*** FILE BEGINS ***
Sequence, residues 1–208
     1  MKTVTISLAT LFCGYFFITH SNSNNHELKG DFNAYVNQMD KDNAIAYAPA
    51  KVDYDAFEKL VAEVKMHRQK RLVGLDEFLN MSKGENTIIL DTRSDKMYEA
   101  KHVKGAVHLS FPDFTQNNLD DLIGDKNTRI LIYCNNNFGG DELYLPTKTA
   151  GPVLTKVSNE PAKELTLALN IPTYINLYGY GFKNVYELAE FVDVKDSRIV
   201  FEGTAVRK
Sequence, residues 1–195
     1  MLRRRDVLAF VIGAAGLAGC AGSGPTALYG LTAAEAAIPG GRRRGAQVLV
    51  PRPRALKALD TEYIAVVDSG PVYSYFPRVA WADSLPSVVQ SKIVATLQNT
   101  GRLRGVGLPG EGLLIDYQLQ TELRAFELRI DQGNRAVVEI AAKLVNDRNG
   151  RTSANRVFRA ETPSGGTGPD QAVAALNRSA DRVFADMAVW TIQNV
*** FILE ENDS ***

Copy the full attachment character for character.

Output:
Sequence, residues 1–208
     1  MKTVTISLAT LFCGYFFITH SNSNNHELKG DFNAYVNQMD KDNAIAYAPA
    51  KVDYDAFEKL VAEVKMHRQK RLVGLDEFLN MSKGENTIIL DTRSDKMYEA
   101  KHVKGAVHLS FPDFTQNNLD DLIGDKNTRI LIYCNNNFGG DELYLPTKTA
   151  GPVLTKVSNE PAKELTLALN IPTYINLYGY GFKNVYELAE FVDVKDSRIV
   201  FEGTAVRK
Sequence, residues 1–195
     1  MLRRRDVLAF VIGAAGLAGC AGSGPTALYG LTAAEAAIPG GRRRGAQVLV
    51  PRPRALKALD TEYIAVVDSG PVYSYFPRVA WADSLPSVVQ SKIVATLQNT
   101  GRLRGVGLPG EGLLIDYQLQ TELRAFELRI DQGNRAVVEI AAKLVNDRNG
   151  RTSANRVFRA ETPSGGTGPD QAVAALNRSA DRVFADMAVW TIQNV